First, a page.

Nevertheless I think that this unusual career choice is also full of great and meaningful opportunities that can transform us, making us more humane, compassionate and at the end of the day happier (because that’s what we all want beyond any grandiose plans to save the planet).

This is where the concept of post-traumatic growth can play a role in our life. It certainly did in mine, allowing me to learn that adversities can make us better, rather than bitter. We all have big or small wounds that we carry within, a traumatic event, a personal crisis which left us shattered. The word trauma itself comes from the Greek meaning wound. No matter how much we play down its impact (as aid workers we must be strong, right?), experiencing scarring (and scaring) experiences is part of the human condition. Trying to glue together the pieces as they (we) were before may be yet another frustrating experience.

So how do we allow ourselves to be touched but not crashed by the difficulties of being a humanitarian? I think the concept of post-traumatic growth can offer some insight into this.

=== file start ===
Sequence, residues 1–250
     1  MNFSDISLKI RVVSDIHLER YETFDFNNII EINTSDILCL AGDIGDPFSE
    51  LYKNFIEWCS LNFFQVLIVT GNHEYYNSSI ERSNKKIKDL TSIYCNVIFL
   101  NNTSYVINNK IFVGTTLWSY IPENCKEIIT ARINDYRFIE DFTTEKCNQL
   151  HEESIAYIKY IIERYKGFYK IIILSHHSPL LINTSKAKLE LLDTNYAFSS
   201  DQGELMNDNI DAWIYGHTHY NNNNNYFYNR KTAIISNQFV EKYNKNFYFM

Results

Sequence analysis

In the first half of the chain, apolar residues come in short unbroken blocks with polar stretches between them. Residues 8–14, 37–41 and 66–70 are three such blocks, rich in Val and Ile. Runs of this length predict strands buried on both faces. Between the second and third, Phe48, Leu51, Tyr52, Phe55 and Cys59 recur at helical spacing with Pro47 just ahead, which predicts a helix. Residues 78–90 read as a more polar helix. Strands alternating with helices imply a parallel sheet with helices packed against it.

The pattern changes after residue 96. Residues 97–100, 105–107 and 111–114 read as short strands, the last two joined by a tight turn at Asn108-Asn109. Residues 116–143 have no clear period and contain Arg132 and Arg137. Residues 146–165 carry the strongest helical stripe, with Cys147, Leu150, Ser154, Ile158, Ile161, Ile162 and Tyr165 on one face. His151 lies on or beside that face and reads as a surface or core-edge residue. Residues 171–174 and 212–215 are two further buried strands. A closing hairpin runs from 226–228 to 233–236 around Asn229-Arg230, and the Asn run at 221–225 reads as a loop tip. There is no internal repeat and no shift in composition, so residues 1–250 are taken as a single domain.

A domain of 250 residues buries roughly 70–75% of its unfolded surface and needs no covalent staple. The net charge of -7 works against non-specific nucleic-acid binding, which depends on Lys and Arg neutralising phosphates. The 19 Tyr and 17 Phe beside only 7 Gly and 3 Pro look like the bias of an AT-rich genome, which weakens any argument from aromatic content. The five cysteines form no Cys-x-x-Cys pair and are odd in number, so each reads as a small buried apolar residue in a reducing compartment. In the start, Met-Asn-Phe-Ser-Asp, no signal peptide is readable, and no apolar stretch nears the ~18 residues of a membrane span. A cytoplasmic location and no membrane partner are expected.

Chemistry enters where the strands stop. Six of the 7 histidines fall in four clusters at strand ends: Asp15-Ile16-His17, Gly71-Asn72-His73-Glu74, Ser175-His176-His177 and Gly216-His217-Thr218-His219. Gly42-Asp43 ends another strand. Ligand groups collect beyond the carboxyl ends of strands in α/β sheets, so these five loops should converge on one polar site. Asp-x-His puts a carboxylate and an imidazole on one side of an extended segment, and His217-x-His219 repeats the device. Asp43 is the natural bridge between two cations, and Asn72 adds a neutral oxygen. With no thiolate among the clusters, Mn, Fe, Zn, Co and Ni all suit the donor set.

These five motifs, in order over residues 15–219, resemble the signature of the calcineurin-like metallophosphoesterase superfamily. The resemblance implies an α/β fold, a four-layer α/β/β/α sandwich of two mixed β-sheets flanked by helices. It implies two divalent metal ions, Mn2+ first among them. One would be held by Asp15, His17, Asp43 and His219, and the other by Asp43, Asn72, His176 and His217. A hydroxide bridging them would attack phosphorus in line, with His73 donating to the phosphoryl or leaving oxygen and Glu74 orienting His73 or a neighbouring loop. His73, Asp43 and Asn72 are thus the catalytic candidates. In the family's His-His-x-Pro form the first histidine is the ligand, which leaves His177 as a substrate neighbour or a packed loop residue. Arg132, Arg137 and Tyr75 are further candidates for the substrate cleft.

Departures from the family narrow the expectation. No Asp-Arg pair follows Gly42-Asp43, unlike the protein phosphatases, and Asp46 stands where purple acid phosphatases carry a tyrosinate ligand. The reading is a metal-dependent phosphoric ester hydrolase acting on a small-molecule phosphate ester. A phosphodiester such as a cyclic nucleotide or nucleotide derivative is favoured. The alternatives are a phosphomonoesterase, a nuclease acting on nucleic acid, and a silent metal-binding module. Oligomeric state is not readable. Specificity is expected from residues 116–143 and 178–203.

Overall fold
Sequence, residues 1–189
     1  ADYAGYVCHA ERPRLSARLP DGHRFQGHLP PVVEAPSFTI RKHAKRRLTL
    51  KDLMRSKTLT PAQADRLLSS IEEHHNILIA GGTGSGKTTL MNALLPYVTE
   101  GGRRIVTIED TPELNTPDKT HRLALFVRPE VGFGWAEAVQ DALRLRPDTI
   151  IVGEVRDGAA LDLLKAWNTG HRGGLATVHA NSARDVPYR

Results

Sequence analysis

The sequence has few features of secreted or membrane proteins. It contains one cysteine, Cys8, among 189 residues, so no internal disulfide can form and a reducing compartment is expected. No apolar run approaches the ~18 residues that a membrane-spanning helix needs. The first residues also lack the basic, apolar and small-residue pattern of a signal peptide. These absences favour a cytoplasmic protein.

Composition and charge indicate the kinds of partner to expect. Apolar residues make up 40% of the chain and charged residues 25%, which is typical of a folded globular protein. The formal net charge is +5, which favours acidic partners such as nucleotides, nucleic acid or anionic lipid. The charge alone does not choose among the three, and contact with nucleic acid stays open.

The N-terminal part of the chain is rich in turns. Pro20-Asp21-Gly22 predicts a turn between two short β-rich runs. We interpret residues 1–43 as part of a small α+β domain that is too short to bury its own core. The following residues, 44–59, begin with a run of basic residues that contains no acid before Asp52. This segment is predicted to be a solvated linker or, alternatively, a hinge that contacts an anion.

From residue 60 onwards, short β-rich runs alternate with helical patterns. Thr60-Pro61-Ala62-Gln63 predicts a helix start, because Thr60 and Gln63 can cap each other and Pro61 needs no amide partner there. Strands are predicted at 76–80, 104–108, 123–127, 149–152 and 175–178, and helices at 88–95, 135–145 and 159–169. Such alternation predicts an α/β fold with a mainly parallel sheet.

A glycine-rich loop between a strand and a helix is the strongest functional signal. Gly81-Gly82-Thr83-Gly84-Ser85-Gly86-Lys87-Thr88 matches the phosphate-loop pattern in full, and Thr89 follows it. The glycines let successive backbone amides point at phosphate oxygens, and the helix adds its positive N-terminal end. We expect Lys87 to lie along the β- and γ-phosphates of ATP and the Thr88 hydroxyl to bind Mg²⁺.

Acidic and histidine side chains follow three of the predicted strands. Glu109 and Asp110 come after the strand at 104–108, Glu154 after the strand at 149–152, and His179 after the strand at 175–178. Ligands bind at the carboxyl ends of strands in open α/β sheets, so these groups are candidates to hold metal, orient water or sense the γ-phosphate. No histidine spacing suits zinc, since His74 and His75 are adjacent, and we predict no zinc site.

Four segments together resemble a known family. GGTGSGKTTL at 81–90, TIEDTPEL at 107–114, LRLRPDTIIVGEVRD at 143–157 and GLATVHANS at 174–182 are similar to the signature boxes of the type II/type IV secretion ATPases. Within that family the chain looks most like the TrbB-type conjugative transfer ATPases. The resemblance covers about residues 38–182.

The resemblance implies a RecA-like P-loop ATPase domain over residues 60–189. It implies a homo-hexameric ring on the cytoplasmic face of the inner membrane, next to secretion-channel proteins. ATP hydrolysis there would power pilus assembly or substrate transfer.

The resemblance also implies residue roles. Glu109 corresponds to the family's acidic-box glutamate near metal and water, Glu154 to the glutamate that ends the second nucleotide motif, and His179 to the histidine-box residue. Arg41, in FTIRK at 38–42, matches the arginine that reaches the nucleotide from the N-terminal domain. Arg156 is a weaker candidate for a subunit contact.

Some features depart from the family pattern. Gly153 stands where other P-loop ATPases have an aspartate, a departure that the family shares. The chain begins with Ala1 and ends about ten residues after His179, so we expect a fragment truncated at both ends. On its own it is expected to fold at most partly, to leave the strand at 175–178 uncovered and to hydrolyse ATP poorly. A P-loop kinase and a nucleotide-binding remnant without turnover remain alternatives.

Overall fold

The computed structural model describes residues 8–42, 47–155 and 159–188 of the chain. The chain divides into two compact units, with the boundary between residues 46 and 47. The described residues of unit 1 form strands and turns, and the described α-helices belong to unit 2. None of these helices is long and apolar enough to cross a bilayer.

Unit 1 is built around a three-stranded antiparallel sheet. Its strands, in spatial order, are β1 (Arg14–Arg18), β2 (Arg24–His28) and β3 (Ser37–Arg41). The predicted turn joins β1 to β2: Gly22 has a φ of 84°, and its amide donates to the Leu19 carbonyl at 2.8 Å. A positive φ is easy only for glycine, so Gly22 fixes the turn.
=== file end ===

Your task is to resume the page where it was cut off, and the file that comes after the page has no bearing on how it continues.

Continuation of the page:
Wait. I’ve heard of Post-Traumatic Stress Disorder (PTSD) you may say, but what is Post-Traumatic Growth (PTG)?

The concept was introduced by clinical researchers in the 1990s to illustrate how trauma can sometimes be the springboard to greater well-being. Previously the amazing account of concentration camp survivor Victor Frankl also showed how facing one’s own limits, life’s tragedies and possible death offers the essential opportunity for finding meaning in life. Another amazing story is that of 7-time Tour de France champion Lance Armstrong, who turned his illness into an opportunity for growth and change.

post-traumatic growth and mindfulness